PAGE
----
<p>Proteus Bicycles opened in 1972 and has withstood the test of time even through an ownership change. Co-owners Laurie Lemieux (right) and Ben Bassett (center), Lemieux’s son Paul, who is also a shop employee, and shop dog Carmen are all committed to providing a dependable store as well as a social hub that regulars frequent for potlucks and group trail rides. A cat named Snickers (not pictured) also lives in the shop.</p>

Proteus Bicycles opened in 1972 and has withstood the test of time even through an ownership change. Co-owners Laurie Lemieux (right) and Ben Bassett (center), Lemieux’s son Paul, who is also a shop employee, and shop dog Carmen are all committed to providing a dependable store as well as a social hub that regulars frequent for potlucks and group trail rides. A cat named Snickers (not pictured) also lives in the shop.

At many businesses, a change in ownership would amount to handing over the keys and slapping on a new coat of paint. But at Proteus Bicycles, co-owner Laurie Lemieux inherited a legacy.

The building — located at 9217 Baltimore Ave. — is enveloped in a deep green hue, a pop of color in a sea of neutral-toned buildings lining Route 1. A gray and white cat dances around customers’ legs outside and then slips underfoot, ushering them through the door. Its name is Snickers and it has lived in the shop for seven years. Welcome.

Lemieux and co-owner Ben Bassett took control in July after the shop’s previous owner, Jill DiMauro, left the country. She and her girlfriend, a Canadian immigrant who was denied a visa in the United States, left because no federal law grants citizenship to same-sex couples who marry, Lemieux said. DiMauro gave up the entire business to be with her partner.

But Lemieux, who had frequented the store for seven years and calls it her “second home,” said she is determined to keep the place, a staple since it opened in 1972, a bustling hot spot for cyclists across the county.

“The shop is what it is,” said Lemieux, who gave up her job as a nursing professor at Catholic University to oversee Proteus. “We wanted to make sure that [it] went on.”

In a span of 20 minutes, every customer who walks in receives a first-name greeting. One woman in particular, decked out in full biking regalia, hands a beaming Lemieux a brand new clock for her store.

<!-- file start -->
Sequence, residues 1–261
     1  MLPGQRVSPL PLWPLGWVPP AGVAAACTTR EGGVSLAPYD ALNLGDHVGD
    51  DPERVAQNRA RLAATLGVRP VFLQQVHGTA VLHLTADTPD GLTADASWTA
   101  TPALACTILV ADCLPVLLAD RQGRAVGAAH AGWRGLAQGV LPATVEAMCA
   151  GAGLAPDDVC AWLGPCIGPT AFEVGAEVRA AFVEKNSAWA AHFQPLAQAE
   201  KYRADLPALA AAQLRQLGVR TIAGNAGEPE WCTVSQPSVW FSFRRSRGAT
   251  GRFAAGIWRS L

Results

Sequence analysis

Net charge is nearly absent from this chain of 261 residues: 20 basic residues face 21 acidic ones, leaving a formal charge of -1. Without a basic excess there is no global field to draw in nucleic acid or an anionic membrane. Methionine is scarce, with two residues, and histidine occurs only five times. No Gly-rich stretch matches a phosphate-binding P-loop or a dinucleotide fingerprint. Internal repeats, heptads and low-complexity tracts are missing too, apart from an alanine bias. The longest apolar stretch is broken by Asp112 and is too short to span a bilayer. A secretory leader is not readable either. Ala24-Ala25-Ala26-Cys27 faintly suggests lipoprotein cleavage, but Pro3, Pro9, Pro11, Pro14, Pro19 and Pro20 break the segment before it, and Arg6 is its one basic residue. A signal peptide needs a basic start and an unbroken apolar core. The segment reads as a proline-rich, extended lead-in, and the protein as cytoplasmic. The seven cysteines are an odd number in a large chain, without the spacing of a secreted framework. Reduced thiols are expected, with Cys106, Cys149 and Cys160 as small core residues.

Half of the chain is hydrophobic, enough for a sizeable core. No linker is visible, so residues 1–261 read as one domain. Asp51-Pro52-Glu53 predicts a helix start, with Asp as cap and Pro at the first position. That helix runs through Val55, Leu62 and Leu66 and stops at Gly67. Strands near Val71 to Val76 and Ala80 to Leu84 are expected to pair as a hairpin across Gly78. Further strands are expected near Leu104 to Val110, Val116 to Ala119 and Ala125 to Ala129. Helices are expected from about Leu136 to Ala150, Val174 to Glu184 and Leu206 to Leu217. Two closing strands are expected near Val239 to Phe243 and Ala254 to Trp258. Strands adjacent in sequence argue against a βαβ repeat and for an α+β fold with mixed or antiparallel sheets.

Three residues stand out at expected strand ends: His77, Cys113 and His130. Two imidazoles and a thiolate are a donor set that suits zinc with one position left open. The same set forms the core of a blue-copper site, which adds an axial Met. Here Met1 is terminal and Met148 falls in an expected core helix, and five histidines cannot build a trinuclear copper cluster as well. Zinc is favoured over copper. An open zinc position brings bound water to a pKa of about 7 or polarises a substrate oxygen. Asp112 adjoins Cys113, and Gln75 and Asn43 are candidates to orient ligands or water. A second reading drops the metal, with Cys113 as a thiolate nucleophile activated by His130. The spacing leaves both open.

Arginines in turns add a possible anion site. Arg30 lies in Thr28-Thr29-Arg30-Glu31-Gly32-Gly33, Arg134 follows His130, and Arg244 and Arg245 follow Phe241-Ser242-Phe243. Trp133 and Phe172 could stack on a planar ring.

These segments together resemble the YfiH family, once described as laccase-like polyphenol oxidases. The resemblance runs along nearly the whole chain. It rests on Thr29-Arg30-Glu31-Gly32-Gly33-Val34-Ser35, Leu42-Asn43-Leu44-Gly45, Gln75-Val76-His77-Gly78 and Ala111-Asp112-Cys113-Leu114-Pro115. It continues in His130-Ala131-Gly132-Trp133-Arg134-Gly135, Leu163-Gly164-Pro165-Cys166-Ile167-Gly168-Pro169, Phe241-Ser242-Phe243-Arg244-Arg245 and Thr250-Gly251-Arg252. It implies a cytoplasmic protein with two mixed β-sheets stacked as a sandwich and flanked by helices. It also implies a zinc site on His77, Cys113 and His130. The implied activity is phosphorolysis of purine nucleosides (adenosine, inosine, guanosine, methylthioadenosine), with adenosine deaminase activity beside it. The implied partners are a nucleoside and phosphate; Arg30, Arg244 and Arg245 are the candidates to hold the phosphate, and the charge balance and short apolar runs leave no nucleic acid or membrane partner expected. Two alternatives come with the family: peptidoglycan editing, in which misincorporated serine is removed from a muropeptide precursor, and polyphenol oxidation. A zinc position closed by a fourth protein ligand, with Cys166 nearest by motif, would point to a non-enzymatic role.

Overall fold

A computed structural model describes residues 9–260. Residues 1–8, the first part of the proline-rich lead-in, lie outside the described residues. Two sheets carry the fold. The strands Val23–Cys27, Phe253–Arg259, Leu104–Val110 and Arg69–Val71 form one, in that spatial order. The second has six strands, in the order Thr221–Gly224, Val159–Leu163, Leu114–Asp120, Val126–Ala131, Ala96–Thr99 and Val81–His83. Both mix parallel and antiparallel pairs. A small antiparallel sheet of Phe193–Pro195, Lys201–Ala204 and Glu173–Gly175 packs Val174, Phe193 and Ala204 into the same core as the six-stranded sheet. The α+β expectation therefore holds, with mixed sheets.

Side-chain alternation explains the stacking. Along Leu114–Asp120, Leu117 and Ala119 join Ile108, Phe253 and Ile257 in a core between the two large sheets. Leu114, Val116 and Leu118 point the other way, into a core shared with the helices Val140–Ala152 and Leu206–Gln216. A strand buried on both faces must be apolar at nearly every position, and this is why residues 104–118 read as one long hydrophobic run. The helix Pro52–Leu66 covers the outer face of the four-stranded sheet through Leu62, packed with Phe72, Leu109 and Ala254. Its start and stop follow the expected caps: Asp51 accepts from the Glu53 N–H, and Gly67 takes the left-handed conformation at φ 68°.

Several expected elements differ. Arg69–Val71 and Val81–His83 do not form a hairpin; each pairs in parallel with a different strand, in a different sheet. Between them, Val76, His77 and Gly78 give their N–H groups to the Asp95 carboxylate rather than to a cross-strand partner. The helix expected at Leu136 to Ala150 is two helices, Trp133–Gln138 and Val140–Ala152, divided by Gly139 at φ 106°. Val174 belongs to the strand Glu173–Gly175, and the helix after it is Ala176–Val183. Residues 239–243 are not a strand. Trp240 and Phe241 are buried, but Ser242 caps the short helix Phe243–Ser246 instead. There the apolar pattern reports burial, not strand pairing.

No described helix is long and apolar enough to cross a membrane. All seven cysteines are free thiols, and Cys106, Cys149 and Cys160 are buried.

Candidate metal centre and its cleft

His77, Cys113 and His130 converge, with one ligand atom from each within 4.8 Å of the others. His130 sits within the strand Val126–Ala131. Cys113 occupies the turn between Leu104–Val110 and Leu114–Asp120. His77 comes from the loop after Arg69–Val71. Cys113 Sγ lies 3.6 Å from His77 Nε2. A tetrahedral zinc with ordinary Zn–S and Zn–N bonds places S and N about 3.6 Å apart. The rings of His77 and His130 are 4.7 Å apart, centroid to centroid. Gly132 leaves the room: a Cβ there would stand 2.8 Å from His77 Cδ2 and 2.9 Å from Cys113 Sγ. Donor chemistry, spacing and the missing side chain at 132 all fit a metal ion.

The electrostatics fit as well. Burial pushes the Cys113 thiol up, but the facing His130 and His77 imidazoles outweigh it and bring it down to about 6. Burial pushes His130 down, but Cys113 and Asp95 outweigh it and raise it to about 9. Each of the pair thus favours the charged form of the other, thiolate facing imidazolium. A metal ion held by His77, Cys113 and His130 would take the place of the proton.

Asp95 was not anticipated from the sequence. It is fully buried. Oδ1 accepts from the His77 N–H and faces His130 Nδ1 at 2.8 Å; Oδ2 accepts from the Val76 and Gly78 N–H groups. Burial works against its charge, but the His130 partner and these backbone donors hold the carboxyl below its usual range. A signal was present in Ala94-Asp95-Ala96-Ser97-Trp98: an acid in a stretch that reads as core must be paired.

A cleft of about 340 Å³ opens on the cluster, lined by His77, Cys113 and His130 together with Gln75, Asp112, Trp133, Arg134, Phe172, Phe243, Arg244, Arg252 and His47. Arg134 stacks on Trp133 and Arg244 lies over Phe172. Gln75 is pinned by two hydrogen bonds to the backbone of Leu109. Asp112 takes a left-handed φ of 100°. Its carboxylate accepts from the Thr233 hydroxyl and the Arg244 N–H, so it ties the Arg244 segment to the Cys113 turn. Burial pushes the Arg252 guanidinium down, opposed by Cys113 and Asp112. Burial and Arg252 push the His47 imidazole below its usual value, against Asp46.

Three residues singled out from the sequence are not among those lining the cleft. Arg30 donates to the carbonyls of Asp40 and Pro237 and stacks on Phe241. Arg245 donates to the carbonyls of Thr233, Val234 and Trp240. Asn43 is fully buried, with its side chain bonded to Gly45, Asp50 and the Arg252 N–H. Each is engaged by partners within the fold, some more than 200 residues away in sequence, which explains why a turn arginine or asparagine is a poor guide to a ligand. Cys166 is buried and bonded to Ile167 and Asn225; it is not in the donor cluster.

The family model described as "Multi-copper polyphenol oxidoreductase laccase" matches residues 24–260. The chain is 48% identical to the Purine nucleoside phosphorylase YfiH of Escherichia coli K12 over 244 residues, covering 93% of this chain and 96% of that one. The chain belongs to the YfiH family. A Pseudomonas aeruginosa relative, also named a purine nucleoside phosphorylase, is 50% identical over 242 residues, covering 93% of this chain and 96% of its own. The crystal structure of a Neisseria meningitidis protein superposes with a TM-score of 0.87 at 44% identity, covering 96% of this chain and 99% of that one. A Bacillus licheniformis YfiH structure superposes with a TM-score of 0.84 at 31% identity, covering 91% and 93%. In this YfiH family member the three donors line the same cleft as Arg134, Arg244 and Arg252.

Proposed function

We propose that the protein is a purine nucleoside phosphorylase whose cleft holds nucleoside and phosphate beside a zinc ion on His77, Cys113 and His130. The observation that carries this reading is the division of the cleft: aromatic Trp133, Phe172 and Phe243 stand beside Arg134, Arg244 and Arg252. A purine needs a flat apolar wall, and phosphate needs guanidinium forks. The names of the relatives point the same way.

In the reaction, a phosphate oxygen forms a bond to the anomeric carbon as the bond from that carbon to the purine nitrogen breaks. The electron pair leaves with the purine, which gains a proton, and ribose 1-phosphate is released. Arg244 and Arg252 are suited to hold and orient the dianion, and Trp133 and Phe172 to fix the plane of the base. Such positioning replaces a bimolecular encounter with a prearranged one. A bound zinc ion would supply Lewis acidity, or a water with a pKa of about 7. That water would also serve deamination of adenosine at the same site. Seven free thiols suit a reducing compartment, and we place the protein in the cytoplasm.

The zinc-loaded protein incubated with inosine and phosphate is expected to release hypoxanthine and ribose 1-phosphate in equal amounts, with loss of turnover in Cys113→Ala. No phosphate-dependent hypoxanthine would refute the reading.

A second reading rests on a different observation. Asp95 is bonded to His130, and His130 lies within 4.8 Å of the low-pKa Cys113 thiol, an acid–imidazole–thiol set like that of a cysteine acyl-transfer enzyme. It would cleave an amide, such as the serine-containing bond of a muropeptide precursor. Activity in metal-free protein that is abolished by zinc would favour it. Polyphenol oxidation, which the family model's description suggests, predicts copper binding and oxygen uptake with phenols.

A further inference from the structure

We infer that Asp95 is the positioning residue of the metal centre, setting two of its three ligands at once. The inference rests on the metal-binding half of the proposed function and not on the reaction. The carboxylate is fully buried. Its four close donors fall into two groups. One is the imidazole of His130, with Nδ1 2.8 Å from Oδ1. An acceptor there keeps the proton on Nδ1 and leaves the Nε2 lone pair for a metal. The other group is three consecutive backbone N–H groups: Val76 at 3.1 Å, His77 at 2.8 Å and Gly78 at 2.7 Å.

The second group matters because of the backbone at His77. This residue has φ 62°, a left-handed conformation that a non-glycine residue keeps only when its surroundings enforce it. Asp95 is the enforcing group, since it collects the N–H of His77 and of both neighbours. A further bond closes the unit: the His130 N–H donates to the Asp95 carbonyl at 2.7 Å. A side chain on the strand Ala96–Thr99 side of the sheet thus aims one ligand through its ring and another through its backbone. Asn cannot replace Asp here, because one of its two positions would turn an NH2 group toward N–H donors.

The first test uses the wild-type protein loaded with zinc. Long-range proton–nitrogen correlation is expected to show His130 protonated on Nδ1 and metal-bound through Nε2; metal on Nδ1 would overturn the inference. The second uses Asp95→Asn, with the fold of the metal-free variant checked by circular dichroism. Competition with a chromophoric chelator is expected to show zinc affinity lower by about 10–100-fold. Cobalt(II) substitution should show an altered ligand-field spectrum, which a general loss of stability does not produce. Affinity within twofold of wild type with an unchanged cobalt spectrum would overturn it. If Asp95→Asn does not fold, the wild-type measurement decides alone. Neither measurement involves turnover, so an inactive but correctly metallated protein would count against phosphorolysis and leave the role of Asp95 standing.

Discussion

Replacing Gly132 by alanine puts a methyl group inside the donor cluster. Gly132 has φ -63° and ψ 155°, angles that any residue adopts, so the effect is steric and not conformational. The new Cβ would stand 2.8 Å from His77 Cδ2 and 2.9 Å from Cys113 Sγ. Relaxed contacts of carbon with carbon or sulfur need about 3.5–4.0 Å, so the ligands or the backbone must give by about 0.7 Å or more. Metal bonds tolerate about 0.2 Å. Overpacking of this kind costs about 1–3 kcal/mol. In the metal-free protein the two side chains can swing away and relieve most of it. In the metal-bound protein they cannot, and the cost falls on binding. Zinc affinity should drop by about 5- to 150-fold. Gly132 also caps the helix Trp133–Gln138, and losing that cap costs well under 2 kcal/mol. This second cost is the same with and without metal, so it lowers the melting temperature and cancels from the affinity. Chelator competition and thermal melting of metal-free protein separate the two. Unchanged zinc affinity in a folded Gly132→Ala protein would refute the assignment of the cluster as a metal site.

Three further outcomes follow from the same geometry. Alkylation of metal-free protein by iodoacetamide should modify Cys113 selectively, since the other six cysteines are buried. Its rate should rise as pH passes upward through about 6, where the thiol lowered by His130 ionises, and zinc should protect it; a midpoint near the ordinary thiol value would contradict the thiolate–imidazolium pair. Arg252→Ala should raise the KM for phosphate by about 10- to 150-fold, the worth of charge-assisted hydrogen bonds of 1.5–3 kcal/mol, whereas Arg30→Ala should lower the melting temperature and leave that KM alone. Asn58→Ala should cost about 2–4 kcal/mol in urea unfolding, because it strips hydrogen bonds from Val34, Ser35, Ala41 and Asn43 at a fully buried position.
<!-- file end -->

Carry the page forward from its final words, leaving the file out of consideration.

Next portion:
“We have the best customers,” Lemieux said. “We really appreciate people who love to ride and who love to shop.”

The store specializes in bike fitting, which requires exact adjustments to every part of the bike to best suit the rider. A section of the store resembles an auto-repair shop, adorned with scattered bikes in various states of intricate adjustment.

“We can spend an hour just playing with somebody’s pedals,” Lemieux said. “The average rider can benefit from that right fit.”

While its location is isolated from the campus, about a mile up Route 1, the shop routinely sees students stroll through its doors, Bassett said.

“The distance is a bit of an issue for a lot of students, but we still do have a lot of students who make the hike regardless,” he said.

Several students, such as sophomore computer engineering major and cyclist Samantha Steffanus, said the university community could benefit from a full-service bike shop because the campus’s shop doesn’t carry specific bicycle parts. Instead, it supplies tools and bike repair services and sells U-locks, helmets and lights.

“The bike shop on campus doesn’t really sell anything,” Steffanus said. “I punctured my tire once and had to go to a different shop off campus.”

Because Proteus is not a corporate retailer, it carries smaller, often independent bike brands with prices ranging from $400 to $2,400 a bike, Lemieux said. The store does not carry used bikes.

But while the bike-lined walls and vast inventory have created many loyal customers, the shop is as much a social hangout as it is a business. On weekends, workers and friends take customers on rides throughout area trails and on Thursdays, they gather for a potluck from 7 p.m. to 9 p.m., in line with a long tradition of serving visitors more than spokes and wheels.

“Rumor has it that [in the 1970s] there used to be a guy in the back who made tofu — before anyone knew what tofu was,” Lemieux said.

foley@umdbk.com